• Sometimes takes days or weeks
          • Use interim PIA to capture responder’s memories
        • ISO should take following steps for effective PIA
    • Postincident Analysis (PIA) (con’t.)
      • PIA process (con’t.)
        • On-scene
          • Check-in with responders and ask about injuries
        • Documentation
          • Write quick summary of hazard issues: buildings, incident timeline
        • Trend spotting
          • Jot down thoughts about recurring issues
          • Share solutions with IC, supervisor, or HSO
    • Figure 17-3 The ISO should make a point of checking in with crews to get a sense of their perspective of the incident.
    • Figure 17-4 Quick incident documentation is essential. The ISO perspective and documentation improve the quality of a postincident analysis.
    • Accident Investigation
      • ISO duties according to NFPA 1521
        • Initiate accident investigation procedures as required by fire department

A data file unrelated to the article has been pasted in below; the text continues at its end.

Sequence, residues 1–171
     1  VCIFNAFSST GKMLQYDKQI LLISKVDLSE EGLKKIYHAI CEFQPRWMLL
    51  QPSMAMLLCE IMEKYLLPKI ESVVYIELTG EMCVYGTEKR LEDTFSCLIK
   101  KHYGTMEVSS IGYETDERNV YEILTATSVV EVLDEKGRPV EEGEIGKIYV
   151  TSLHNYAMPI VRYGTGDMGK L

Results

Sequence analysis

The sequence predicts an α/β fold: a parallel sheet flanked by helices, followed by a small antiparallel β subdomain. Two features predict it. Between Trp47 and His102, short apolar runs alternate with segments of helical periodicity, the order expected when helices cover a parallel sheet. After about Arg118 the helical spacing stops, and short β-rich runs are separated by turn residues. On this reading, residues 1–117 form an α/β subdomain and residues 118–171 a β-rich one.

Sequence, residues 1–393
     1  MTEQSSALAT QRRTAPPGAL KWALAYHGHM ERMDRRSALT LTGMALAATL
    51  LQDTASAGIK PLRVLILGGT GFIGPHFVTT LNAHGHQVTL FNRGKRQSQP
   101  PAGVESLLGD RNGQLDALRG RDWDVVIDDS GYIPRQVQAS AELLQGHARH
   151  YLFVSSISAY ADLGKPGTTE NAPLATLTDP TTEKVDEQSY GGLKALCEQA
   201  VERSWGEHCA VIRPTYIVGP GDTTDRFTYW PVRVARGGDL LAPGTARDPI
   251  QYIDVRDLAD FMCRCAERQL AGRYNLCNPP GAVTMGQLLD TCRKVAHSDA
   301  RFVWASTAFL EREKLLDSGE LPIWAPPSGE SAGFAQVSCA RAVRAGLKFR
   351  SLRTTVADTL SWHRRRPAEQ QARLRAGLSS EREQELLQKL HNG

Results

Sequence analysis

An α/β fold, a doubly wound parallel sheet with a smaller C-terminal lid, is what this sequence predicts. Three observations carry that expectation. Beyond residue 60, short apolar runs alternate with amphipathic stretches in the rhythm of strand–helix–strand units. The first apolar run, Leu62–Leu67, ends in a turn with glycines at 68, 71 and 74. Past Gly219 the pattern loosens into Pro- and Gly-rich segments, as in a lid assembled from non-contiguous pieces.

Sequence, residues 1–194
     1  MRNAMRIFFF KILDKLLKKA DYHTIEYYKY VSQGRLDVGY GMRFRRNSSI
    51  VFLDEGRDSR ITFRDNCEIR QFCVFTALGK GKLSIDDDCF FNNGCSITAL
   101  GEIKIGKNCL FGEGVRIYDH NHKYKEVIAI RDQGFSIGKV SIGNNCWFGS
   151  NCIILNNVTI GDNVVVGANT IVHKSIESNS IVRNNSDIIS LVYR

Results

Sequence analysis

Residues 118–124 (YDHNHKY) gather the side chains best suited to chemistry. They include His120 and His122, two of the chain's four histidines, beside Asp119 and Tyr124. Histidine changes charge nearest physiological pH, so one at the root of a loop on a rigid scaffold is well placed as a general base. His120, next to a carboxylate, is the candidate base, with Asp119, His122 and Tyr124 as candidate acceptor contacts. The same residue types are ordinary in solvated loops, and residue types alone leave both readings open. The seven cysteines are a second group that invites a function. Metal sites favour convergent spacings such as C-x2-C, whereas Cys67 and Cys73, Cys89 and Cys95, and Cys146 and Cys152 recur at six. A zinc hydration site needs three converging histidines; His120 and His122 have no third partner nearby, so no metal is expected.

• Request assistance from HSO in the event of serious injury, fatality, or other potentially harmful occurrence
      • Investigation is first step to avoiding future injuries and deaths
        • Look at fatalities and close calls
    • Figure 17-5 The accident triangle shows that, for every one serious injury, there are thirty minor injuries and more than six hundred close calls. Close calls should also be investigated.
    • Accident Investigation (con’t.)
      • Introduction to accident investigation
        • Accident chain: series of events or conditions leading to an unsafe condition that results in injury and/or property damage
        • Ideally, the ISO should stop a potential incident by eliminating one of the elements in the chain during the incident